While the inaugural Sail Grand Prix put Lyttelton “on the map”, some business owners say the influx of customers they prepared for had not eventuated.
An estimated 15,000 spectators lined the harbour to watch arch rivals New Zealand and Australia face off on the final day of racing on Sunday.
Boisterous cheers from the harbourside spectators accompanied the yachts hurtling around the course, with crowds visible lining the cliff side streets of Diamond Harbour opposite, as the Canadians trumped the trans tasman duo to win the final race of the day.
But some Lyttelton business owners were disappointed with the lack of customers in the port town during the two-day event.
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Ed Monteschio, owner of London St gelato and pizzeria Bomba, said it had been exciting to have an international event in town, but the influx of business he prepared for hadn’t transpired.
“It was a bit of a desert really while the racing was on.
“It was very busy Wednesday, Thursday and Friday. But on the event days we had extra food, more staff and more prep, and it was a bit of a disappointment in that sense.”
Fears Lyttleton would be overwhelmed prompted measures such as traffic management, parking restrictions and tunnel closure to all but permitted vehicles, which “caused a problem”, he said.
He compared the world’s most lucrative sailing race with the recent Port Noise festival, which he said had been fantastic for local businesses.
“We have local community driven events, and we see very quickly the benefits from those but this kind of event, we’ll need a bit more time to see the benefits for the community.”
The Lyttelton Arms pub had been “very quiet” on Saturday, said manager Ange Ronan, after a busy couple of days in the lead up to the weekend with a mix of race spectators and cruise passengers.
Ronan said she didn’t know exactly what food and drink options were available at the race venue, but “it made sense for people to stay down there, where the fun is”.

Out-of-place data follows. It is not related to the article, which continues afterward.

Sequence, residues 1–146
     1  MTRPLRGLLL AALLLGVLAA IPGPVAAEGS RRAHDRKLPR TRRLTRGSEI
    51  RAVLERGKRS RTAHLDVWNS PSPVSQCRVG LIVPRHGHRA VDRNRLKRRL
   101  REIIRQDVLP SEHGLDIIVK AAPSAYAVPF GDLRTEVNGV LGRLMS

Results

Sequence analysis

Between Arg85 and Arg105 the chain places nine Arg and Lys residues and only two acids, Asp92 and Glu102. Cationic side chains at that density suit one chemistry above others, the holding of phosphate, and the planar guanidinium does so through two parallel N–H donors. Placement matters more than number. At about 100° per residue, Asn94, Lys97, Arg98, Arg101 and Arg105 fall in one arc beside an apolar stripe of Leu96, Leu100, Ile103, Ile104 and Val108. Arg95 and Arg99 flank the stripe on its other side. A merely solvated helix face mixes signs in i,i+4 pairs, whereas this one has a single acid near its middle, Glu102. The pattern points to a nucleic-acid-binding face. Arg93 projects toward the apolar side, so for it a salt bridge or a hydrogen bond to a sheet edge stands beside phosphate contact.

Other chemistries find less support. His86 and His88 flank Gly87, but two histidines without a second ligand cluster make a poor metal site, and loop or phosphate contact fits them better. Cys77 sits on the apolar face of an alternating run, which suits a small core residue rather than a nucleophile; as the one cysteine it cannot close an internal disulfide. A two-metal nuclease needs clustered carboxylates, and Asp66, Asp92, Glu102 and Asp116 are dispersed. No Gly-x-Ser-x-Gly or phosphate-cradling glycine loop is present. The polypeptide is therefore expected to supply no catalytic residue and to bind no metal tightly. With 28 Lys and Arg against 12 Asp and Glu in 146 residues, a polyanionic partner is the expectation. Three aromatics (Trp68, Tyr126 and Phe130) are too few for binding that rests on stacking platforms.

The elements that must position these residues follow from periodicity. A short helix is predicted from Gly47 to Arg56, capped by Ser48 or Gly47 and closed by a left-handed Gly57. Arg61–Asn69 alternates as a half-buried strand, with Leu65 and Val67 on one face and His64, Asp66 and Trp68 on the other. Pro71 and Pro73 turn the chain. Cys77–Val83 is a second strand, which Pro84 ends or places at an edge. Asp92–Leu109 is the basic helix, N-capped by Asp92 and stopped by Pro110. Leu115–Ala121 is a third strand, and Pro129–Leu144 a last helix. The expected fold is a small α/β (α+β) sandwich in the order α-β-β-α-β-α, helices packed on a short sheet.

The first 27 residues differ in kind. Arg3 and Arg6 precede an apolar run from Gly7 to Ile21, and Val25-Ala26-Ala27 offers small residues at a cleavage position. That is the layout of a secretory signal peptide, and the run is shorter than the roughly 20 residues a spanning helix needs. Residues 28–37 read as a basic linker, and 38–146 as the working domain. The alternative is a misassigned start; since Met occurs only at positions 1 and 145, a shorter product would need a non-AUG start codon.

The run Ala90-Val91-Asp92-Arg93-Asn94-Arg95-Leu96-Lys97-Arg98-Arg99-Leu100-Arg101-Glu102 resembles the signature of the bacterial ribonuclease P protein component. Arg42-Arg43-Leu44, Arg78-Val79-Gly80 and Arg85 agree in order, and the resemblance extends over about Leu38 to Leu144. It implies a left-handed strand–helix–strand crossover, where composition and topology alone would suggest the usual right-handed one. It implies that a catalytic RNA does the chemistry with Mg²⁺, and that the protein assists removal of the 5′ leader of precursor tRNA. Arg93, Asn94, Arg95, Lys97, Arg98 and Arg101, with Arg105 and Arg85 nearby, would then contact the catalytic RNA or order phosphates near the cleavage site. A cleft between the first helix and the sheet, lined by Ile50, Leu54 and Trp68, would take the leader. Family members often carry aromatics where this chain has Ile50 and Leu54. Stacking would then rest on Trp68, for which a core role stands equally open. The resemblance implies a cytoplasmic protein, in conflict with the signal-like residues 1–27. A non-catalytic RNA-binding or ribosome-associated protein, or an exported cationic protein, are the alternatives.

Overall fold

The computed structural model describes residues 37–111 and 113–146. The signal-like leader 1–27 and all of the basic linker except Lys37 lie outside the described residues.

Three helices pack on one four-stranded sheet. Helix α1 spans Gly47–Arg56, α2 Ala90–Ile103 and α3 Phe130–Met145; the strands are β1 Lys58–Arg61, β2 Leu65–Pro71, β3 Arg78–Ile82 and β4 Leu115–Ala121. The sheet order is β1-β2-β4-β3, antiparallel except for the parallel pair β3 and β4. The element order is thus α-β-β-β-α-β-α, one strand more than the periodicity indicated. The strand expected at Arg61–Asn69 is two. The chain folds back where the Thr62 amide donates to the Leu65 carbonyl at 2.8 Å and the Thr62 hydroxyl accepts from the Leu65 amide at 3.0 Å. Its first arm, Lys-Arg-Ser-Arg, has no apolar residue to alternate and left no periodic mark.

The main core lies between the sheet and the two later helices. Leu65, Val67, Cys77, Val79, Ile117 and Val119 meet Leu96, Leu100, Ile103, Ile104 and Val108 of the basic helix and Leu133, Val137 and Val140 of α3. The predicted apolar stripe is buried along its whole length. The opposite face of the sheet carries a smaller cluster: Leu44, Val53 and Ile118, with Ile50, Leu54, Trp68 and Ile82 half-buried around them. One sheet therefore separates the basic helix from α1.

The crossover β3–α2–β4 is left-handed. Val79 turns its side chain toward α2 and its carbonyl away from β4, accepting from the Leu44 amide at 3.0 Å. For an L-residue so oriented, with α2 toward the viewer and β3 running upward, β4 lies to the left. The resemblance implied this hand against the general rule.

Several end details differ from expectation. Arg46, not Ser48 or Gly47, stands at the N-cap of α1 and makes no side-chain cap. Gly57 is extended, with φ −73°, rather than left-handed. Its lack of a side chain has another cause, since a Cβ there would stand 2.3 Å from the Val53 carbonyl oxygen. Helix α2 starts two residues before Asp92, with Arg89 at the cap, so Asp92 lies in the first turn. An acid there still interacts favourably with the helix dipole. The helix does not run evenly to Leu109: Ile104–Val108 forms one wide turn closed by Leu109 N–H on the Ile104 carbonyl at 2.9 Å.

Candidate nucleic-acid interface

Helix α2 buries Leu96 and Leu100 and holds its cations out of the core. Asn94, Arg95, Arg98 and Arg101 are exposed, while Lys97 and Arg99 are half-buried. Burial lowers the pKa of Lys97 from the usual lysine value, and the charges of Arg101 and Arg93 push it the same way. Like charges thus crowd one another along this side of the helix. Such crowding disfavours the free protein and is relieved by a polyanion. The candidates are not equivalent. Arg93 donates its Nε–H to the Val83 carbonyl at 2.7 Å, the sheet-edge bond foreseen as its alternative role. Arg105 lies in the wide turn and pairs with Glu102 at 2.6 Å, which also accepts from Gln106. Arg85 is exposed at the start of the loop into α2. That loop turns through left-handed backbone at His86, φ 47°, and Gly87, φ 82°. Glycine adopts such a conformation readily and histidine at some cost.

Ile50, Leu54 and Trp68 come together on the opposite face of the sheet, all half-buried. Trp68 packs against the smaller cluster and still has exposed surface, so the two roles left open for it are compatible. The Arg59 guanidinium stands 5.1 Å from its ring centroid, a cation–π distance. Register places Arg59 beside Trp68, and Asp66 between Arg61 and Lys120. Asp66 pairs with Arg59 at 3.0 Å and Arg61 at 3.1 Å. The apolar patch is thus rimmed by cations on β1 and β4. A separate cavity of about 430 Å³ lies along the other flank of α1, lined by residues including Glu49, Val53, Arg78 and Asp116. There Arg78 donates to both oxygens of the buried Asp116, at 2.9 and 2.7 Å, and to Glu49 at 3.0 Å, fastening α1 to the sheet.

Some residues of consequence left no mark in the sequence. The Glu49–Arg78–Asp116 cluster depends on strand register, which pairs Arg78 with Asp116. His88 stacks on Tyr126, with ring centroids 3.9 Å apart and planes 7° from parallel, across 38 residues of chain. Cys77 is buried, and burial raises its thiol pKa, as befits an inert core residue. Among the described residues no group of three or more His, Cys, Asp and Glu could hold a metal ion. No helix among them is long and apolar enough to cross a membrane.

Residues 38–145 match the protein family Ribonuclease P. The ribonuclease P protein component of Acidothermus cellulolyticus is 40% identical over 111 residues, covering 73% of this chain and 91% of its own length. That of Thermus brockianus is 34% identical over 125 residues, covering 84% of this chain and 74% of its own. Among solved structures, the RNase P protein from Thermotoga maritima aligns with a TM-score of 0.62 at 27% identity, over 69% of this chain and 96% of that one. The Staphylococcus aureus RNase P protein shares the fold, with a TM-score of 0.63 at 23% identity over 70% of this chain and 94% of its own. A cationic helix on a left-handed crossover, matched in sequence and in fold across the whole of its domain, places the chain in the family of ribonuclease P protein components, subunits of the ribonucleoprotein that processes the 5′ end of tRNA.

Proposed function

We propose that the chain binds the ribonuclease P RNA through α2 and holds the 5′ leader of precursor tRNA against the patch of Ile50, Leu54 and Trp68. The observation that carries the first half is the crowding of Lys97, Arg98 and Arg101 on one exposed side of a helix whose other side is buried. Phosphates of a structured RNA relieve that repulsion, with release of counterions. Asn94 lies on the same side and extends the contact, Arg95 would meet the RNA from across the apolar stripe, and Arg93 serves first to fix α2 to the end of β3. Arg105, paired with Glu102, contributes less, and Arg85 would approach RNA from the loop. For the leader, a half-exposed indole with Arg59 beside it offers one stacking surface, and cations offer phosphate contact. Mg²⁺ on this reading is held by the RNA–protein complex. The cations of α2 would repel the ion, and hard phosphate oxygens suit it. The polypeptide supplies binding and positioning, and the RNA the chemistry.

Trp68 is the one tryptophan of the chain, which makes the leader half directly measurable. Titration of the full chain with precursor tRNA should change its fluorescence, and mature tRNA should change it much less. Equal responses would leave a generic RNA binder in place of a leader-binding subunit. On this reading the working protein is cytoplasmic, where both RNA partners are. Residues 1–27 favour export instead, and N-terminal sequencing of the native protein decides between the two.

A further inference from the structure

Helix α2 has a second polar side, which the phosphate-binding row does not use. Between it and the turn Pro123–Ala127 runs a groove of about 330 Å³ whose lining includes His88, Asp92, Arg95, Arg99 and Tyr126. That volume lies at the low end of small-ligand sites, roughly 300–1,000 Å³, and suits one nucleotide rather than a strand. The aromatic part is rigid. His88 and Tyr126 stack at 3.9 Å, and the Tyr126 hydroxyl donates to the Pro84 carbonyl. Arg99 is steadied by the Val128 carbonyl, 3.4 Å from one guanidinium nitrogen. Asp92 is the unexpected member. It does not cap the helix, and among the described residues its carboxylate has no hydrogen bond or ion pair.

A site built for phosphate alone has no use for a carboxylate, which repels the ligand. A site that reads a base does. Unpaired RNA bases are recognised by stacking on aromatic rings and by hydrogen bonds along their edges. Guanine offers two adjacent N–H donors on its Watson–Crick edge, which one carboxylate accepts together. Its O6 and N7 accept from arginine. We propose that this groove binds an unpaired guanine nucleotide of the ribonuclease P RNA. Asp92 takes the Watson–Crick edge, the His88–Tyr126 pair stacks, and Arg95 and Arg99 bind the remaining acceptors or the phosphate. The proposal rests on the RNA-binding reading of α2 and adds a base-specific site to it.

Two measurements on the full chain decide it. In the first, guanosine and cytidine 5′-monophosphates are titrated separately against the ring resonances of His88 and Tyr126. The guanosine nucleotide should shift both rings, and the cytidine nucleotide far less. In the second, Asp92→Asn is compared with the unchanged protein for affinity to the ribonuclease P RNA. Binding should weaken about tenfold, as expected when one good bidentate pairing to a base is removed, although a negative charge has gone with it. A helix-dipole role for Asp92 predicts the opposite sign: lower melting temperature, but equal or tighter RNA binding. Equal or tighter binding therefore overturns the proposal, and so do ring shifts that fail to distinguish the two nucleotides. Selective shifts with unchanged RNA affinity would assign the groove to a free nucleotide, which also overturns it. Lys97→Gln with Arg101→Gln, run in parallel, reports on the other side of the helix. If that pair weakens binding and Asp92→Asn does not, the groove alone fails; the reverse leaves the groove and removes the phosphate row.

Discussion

She thought the event had been “all right” for Lyttleton overall, helping to “put them on the map”.
Saturday had been “pretty dead” at Civil and Naval bar and restaurant, said chef Yuki Maekawa, with “no-one coming to Lyttleton from outside” once the road closures were in place, and the SailGP crowd going directly between the race venue and the city.
“I think it would have been nicer if everyone could have joined in with the racing event … watching it from the hills or the street.”
He described the travel restrictions as “overkill”, and said it was “pretty big” that “one private company has the right to shut the road, killing all the business for 10 hours over the weekend”.
Maekawa was dubious there would be much benefit to the Lyttelton community unless there were changes in the future.
Even without the expected crowds, the “vibe” had been exciting over the weekend, Henry Trading owner Maree Henry said.
She had enjoyed the visual transformation of the harbour, from the usual industrial scenes to the imposing catamarans.
Henry too had concerns the event seemed “segregated” from the community, and she remained focused on local customers who kept the “business buoyant” year round.
Lyttelton local and New Zealand music legend Marlon Williams described seeing his hometown on the global stage “converted into this spectacle” as “surreal”.
“I’m overwhelmed with how smoothly it’s all gone.”
But he said there needed to be more of an effort to integrate the Lyttelton community.
“Obviously we’ve got the landscape, but Lyttelton is such an amazing cultural hub, and the people element didn’t seem to be connected to the event.”
The Pacific Explorer cruise ship and her 2000 passengers were also in port for the day.
Australians Graham and Jill Hutchinson had decided against making the trip to Christchurch after passengers were advised getting into the city and back would be complicated by the SailGP traffic restrictions.
The ship’s late arrival meant several of the scheduled day excursions were cancelled, channelling welcome custom into the port town.
Economic development agency ChristchurchNZ, which is funded by ratepayers and central government, contributed $1 million and $500,000 of “in kind” contributions to bring the event to the city, and the same amount again for it’s return in 2025, while the government contributed $5.4m from its major events fund over the four years.
A ChristchurchNZ social media post late Saturday said road closures had been extended to include Summit Rd from Evans Pass Rd to Mt Pleasant Rd and Mt Pleasant Rd from Upper Major Hornbrook Dr to Summit Rd, accompanied by a photo of cars parked bumper to bumper along both sides of the road.
“This is because these roads became clogged on Saturday with cars parked on either side of the road that would have blocked emergency service vehicles.”
A police spokesperson said there had been no delays in emergency service response times “due to road closures or otherwise,” and “no incidents” related to the event.